In today’s world more people than ever are forming and running their own businesses. While an idea for a business can be great, if it is not properly run it will be sure to fail. Just this past week the Harvard Business Review released a list of the 100 best-performing CEOs in the world. Topping the list is Amazon CEO Jeff Bezos. Bezos attended Princeton University and studied computer science and electrical engineering. It is weird to see the top rated CEO in the world as an engineer. How does engineering translate to successfully running a business? If you thought this was an outlier then you would be wrong.
Per the results, “A full 24 of the 100 best-performing CEOs have a Bachelors or Masters degree in engineering.” This is a staggering amount. The 29 CEOs with an MBA barely outnumber their engineering counterparts. How is it that engineers are just as well represented as those with a traditional business background?
According to Harvard Business School dean Nitin Nohria, who has a degree in chemical engineering himself, “’Studying engineering gives someone a practical, pragmatic orientation’” (Baer 1). He further explains, ‘”Engineering is about what works, and it breeds in you an ethos of building things that work – whether it’s a machine or a structure or an organization’” (Baer 1).
With this understanding it is no surprise to see engineers representing some of the best CEOs in the world. This idea of practicality can easily translate into the business world and is seen with how Bezos runs Amazon. Efficiency is the key concept that Bezos emphasizes with how Amazon is run. The most extreme emphasis comes with constructing the most customer-centric product possible (Baer 1).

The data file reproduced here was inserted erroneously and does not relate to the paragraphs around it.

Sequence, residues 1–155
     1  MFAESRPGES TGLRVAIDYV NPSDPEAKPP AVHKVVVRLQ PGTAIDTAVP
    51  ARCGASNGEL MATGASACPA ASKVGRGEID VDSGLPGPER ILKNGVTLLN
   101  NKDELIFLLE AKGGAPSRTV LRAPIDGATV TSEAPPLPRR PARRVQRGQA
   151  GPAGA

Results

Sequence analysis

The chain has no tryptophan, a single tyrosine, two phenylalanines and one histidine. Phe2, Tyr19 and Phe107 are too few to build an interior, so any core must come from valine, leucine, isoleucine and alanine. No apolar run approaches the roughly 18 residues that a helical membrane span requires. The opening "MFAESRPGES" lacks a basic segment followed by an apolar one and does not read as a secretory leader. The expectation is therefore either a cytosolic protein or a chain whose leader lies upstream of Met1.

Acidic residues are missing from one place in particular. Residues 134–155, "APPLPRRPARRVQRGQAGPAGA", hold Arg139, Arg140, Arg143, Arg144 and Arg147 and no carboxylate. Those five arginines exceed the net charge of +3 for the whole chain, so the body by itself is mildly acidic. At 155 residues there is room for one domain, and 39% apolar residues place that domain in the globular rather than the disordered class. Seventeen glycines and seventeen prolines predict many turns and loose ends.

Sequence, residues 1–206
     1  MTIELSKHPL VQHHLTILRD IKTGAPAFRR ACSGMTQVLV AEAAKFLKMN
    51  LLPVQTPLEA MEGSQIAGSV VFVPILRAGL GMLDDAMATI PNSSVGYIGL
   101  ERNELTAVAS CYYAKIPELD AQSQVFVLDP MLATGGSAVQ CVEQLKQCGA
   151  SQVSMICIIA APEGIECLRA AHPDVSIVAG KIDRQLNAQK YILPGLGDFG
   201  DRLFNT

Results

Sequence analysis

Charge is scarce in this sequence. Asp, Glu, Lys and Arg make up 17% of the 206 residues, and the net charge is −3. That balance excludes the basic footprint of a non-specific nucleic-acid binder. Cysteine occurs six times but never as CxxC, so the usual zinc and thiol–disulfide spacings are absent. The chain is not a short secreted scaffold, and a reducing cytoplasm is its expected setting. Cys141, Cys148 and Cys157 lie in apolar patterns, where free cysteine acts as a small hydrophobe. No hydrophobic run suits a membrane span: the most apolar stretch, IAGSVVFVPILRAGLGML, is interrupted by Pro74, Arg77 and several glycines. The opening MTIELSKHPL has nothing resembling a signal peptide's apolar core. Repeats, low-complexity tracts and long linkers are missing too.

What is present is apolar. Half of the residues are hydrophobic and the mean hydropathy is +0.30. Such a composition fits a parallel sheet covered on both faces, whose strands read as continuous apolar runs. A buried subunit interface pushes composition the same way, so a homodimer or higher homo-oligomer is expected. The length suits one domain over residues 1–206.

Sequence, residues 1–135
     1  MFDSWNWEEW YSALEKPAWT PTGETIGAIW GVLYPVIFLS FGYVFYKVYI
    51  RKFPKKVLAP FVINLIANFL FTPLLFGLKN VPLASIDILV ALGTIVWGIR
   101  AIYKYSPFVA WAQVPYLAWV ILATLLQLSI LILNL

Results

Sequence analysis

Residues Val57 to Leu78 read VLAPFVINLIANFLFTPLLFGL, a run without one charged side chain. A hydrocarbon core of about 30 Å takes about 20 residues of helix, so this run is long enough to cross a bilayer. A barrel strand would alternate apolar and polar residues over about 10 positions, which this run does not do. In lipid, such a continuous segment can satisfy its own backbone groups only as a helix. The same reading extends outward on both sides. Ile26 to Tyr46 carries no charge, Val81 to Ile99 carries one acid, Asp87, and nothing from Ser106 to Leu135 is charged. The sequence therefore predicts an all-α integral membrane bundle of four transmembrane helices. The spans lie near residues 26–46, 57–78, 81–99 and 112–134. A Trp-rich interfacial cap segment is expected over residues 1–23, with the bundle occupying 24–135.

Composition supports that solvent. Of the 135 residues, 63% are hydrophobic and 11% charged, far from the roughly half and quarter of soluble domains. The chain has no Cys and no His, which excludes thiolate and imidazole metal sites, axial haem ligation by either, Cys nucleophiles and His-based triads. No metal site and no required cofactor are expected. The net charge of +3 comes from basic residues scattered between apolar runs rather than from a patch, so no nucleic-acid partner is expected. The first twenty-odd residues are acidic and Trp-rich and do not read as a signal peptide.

Bezos is just one example of how to successfully utilize an engineering degree in the business world. This non-traditional route may soon be desired by companies seeking top-level managers. With this thought in mind, does it de-value the MBA for any business students that are considering pursuing one? It would be interesting to know what kind of value companies now place on an MBA. It appears that a degree in engineering may soon become the norm for those seeking entrepreneurship or executive level roles. In a year’s time we may see engineers taking up an even larger portion of the 100 best-performing CEOs.